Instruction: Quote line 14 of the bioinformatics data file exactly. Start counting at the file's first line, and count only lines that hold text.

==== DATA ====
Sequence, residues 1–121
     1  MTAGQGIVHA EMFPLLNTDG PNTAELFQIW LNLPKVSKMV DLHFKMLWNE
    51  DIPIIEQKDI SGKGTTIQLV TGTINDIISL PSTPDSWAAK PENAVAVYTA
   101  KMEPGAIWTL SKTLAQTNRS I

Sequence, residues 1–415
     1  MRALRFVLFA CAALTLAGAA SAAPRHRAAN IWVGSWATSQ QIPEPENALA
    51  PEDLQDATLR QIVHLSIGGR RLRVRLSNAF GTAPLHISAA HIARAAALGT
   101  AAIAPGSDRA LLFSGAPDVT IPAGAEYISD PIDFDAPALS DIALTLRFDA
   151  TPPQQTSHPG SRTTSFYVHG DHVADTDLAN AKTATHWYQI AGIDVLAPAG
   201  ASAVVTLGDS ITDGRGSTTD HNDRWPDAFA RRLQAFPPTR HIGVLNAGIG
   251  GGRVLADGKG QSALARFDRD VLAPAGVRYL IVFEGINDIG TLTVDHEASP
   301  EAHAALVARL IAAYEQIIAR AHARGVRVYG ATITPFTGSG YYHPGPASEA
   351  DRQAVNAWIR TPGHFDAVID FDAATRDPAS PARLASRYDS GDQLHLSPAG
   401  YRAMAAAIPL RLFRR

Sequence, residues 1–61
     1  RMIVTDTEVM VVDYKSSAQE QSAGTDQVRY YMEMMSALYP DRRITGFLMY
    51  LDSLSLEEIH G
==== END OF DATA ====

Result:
   401  YRAMAAAIPL RLFRR